Yes that is similar, in that all networks require the remote end to be working. The difference/s between the PSTN network and the NBN are a few. Depending on the technology in an area there may be several places where a power failure could affect usage. Let's look at your Wifi tower compared to your old wired connection.
Points of possible power failure interruptions
The Node (Collector where multiple connections come together and this could be the exchange or POI)
The POI (if not already the Node)
Next we can look at FTTN
The Mini Node (if you are unlucky to have one)
The POI (Exchange for easier explanation)
The Cable power supply (usually at the poles)
The Node (yes they to have a node)
Satellite (if not using the old copper)
The Satellite (this would be a big issue)
The POI power supply is pretty solid, it is like the old exchanges and in many cases are the old exchanges, they have multiple backups including Generators and Battery banks. Likelihood of failure is very low unless catastrophic failures occur eg Floods, or Fires within the exchange.
FTTN Cabinets (Nodes) are being fitted with 3 backup batteries but the NBN state not to trust that system but up to 4 hours may be expected. They are also generally in relatively close proximity to your premises and are easily affected by floods if in low lying areas. Also affected by lightning strikes. The remaining copper lines to your premises can also be affected by water in the pits and pipes just as your neighbour experienced on the old PSTN network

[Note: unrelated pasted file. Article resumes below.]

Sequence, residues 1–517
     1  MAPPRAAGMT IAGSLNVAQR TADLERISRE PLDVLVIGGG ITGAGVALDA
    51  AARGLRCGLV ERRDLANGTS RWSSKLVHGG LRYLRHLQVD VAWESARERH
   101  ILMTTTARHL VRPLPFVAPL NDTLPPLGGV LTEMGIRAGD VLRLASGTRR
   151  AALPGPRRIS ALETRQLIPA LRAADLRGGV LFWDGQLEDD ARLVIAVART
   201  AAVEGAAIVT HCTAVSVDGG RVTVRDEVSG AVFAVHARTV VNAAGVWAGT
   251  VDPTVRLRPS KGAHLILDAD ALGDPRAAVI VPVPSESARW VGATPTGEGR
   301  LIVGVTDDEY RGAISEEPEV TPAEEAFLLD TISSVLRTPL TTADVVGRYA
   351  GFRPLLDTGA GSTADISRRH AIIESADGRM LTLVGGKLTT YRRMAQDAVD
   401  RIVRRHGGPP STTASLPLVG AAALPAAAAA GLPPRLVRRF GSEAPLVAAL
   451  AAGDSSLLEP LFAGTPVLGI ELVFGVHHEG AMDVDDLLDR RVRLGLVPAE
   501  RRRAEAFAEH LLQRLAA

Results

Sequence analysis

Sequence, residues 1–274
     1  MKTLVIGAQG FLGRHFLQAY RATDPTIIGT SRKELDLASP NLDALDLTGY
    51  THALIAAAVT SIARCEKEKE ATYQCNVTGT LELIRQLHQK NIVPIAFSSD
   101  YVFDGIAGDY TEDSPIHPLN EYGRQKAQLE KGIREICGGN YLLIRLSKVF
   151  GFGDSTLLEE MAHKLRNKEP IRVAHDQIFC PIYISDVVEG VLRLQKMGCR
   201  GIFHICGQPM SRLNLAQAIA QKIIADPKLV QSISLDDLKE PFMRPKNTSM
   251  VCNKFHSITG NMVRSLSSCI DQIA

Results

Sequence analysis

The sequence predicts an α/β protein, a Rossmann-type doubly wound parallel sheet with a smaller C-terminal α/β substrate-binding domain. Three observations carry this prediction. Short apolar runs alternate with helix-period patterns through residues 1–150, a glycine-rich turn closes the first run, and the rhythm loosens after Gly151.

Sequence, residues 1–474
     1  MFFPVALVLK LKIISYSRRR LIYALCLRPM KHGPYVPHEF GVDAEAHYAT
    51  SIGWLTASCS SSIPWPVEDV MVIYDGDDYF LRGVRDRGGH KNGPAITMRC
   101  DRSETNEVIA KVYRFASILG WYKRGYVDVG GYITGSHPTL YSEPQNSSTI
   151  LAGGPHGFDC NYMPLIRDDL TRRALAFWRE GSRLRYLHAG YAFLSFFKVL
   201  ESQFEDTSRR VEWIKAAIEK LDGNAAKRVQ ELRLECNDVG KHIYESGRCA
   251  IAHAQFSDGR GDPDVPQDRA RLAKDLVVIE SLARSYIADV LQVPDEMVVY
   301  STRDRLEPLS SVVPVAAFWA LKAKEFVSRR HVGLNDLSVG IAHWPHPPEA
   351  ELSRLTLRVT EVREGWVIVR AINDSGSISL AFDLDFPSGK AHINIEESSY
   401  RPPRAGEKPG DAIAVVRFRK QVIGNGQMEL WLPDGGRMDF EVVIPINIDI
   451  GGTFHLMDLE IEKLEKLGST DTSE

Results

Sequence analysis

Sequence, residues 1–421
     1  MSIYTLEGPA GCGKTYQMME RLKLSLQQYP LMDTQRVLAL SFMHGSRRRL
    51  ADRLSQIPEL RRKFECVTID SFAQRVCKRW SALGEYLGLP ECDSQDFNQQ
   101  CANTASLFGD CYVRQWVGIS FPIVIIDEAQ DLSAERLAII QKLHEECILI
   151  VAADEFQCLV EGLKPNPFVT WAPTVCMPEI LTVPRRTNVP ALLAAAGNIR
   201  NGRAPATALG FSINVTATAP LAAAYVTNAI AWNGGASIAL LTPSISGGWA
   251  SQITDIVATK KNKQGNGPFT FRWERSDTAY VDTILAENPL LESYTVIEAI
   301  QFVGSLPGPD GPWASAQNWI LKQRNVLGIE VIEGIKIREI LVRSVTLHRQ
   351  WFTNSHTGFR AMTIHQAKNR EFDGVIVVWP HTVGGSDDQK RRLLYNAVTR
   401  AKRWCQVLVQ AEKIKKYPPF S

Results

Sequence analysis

Mini Nodes do not have backup power and fail if no power in the area. They also are compromised by water inundation and lightning damage. And again the remaining copper wires may be affected by water in the pipes and pits.
HFC (Cable) has no backup power and so like Mini Nodes in power failures they cease to operate. The pole or ground nodes if flooded cease to work. Lightning strikes can be an issue. If underground cable the pits and pipes flooding is also an issue
Wifi Towers have backup power again good for around 4 hours maximum and again no warranty on that as my mother experienced. Lightning strikes can be an issue. Cyclones and similar strong wind events can destroy or badly damage the tower.
FTTP only requires power at your house and the POI. Works even when flooded, does not corrode, non conductive so resistant to lightning damage. As most of the FO infrastructure is underground it is largely protected from wind damage.
The risk of failure for most of the NBN technologies is much higher than that of Fibre to the home and Fibre to the home is less likely to have failure than even the PSTN system. Satellite is a problem not so much because of power but because of weather conditions as @gordon can attest to.
In floods the copper circuit, whether it was/is on the PSTN or as part of the MTM NBN, is easily compromised by water and if you are likely to have your copper connection affected by floods either at your premises or between you and the exchange then yes a mobile is a sensible precaution.
The NBN has done risk analysis and has told us that we should have a mobile ready in case of failure particularly if we require uninterrupted communications, they are not requiring or demanding that we get a Smart Phone or some expensive model. They have said they cannot guarantee us service and they are telling us a mobile phone is a precaution to take just like people who live in areas affected by Cyclones who are advised to have torches, batteries, a portable radio, potable water etc ready for the storm season.